Roosters crowing, crickets chirping, sky still star-stuffed, the clock read 4 a.m., causing my mind to rebel — too early! — but if time is just an illusion, and I'm wide awake, why not get up? So I did, and was again struck by how much can be accomplished in the quiet hours before the sun rises, just as I was again amazed by how I can actually take my mind in hand and get it to do my bidding, rather than the other way around. Now that's power!
All I can say is thank goodness the Police Commission didn't do the mayor's bidding and instead asserted its power and autonomy by re-instating Chief Darryl Perry, who plans to return to work today.
But that apparently was news to Mayor Bernard Carvalho, who on Feb. 1 suspended the chief for insubordination and dereliction of duty. As Hawaii News Now reported last night:
After checking around, spokeswoman Sarah Blane released this statement: "confirming there has not been a change in Chief Perry's status." Our sources tell us Mayor Carvalho and his managing director, Gary Heu, do not want Perry to return to work yet. We asked the Kauai county spokeswoman if the county would do anything tomorrow morning to intervene when the chief returned. We got no response back.
I don't know which causes me to chortle more: the thought of the Police Commission slapping down Bernard, or Bernard stewing and fuming upon learning that his attempt to dump and discredit the chief has been thwarted.
Still, it's not really a laughing matter. Aside from the damage to Perry's reputation, Carvalho's heavy-handed, petty power-play unnecessarily threw KPD into “term oil,” to borrow a phrase from a TGI commenter, and caused a community uproar. The timing was especially bad, seeing as how the department was effectively leaderless when an army of 20 cops shot a man off his roof and a patrol car rear-ended a car near Princeville, causing a three-car collision.
So was the political pay-back worth it, Bernard? Or as a friend who was born on Kauai, but now lives off-island, noted in an email:
I love Kaua`i and hope someday it will have enlightened leadership.
Indeed. But we're not there yet.
Which explains why Sen. Ron Kouchi supported SB2341, a bill allowing vacation rentals (TVRs) on ag land, after it was amended to clarify that counties could set their own rules. As he reportedly told The Garden Island:
“I’m not sure that the other counties will see the value of ag land that we do on Kaua‘i. Hopefully they will,” Kouchi said.
Mmmm, Ron, that's why we have state laws, to manage issues of statewide importance. By voting against the bill, you would have made a strong statement that ag land is valuable to the entire state, not just Kauai.
Meanwhile, it's unclear what sort of statement Rep. Derek Kawakami is making. Though he opposed an ordinance to allow TVRs on ag land when he was sitting on the County Council, he voted for HB2317, the House's version of the ag TVR bill. Apparently values are more malleable when one is playing with the big boys.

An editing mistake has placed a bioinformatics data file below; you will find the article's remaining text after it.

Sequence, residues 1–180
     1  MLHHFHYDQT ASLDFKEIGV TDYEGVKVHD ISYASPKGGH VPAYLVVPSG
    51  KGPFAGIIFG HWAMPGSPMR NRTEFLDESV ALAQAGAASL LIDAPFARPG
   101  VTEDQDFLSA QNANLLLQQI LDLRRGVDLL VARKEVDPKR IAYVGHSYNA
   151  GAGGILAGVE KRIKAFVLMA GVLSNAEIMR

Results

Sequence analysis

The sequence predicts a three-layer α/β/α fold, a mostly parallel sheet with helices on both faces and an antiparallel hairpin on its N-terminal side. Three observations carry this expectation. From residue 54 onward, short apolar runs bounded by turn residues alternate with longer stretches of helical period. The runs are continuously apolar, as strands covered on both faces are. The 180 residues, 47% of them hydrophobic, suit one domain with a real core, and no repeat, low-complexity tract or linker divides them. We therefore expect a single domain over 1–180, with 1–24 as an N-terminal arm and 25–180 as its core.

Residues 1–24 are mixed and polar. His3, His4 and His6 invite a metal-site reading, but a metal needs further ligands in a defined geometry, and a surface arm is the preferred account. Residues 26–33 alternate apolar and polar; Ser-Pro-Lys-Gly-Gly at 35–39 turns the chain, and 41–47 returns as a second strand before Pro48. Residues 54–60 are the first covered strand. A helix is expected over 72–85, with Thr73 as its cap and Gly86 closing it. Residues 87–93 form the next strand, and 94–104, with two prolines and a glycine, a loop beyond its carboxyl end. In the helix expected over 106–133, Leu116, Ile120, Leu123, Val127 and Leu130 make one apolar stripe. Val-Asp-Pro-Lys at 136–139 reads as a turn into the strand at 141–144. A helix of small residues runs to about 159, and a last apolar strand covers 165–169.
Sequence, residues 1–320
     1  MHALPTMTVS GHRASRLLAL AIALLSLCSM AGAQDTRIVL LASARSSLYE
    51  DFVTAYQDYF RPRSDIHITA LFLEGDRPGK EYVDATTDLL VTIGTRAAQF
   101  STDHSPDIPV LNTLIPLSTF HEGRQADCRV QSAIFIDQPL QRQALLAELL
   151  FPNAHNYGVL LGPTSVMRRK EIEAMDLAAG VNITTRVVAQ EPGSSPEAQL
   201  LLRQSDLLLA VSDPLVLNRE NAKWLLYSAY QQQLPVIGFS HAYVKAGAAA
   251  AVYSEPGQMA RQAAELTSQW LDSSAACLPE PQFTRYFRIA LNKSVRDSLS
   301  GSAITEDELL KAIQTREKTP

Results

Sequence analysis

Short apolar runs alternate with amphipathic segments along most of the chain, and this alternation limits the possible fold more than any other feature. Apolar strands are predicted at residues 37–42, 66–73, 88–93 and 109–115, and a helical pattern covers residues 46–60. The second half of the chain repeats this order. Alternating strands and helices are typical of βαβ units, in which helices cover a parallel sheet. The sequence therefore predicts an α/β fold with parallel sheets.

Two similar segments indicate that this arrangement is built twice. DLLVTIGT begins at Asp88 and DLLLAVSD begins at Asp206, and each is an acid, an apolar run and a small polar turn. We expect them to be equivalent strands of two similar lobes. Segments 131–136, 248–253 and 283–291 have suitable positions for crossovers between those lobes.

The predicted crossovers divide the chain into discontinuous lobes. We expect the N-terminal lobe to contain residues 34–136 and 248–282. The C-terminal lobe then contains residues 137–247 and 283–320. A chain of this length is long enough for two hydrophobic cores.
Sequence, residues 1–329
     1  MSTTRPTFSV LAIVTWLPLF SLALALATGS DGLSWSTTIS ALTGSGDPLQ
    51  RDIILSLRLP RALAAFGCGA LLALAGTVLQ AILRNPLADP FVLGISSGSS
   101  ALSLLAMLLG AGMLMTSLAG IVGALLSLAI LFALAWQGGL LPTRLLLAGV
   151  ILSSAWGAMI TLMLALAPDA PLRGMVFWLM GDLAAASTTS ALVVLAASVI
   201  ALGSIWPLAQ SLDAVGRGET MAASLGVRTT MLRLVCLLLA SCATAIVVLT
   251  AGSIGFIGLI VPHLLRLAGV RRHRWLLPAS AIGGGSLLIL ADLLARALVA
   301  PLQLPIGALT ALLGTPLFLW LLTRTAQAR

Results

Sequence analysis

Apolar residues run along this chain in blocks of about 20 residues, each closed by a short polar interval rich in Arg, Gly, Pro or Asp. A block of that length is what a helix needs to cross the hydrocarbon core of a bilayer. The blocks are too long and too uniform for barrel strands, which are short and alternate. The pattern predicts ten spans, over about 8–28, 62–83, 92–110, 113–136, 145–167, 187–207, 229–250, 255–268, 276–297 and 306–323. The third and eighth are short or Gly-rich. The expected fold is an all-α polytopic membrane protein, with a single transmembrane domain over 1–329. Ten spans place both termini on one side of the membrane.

Fortunately, HB2317 was deferred yesterday by the House Committee on Water, Land and Ocean.
But questions remain. First, if Maui's representatives felt a change in state law was needed before TVRs could be allowed on ag land in that county, doesn't it stand to reason that our county erred when it thumbed its nose at state law and permitted them anyway? And if state law is altered, how long do you think it will be before landowners and their attorneys trot out the same bogus “taking” argument to protest any county restrictions on such uses?
Speaking of protest, Kauai folks staged a march yesterday afternoon in solidarity with a demonstration going down at the state capitol. The reason? The Lege refused to even hear three bills dealing with GMOS, including measures that would mandate labeling and the identification of lands being used for experimental field trials.
Though the Honolulu crowd was sizable, coverage of the action was sparse, and I could find only this account by Hawaii Public Radio. It had Rep. Clift Tsuji saying the GMO demands are coming from “a special interest group,” and we know the Lege never listens to those — unless, of course, they have the kind of dough that the chem/seed companies throw around. Tsuji then made the foolish comment that GMO labeling should be “consumer driven on a voluntary basis.”
OK, so then why not at least conduct hearings to learn what Hawaii consumers do want? Odds are their views mirror national poll results that show a majority of people want genetically modified ingredients identified on food labels.
Of course, like the ag TVR bill, it all comes down to money, with Tsuji referrring to the seed companies as an “economic driver.”
Yes, those companies do generate jobs and revenue in Hawaii.
But that doesn't mean citizens, especially those living near the pesticide-laden dust of the GMO fields, don't also have the right to question at what price, in terms of environmental and human health.